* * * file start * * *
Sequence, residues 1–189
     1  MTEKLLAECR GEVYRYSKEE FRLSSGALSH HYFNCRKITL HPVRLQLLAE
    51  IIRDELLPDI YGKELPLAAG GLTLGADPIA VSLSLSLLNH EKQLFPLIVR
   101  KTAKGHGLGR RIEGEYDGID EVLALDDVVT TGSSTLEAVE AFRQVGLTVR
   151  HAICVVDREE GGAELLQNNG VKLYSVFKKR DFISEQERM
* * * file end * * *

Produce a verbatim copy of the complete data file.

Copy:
Sequence, residues 1–189
     1  MTEKLLAECR GEVYRYSKEE FRLSSGALSH HYFNCRKITL HPVRLQLLAE
    51  IIRDELLPDI YGKELPLAAG GLTLGADPIA VSLSLSLLNH EKQLFPLIVR
   101  KTAKGHGLGR RIEGEYDGID EVLALDDVVT TGSSTLEAVE AFRQVGLTVR
   151  HAICVVDREE GGAELLQNNG VKLYSVFKKR DFISEQERM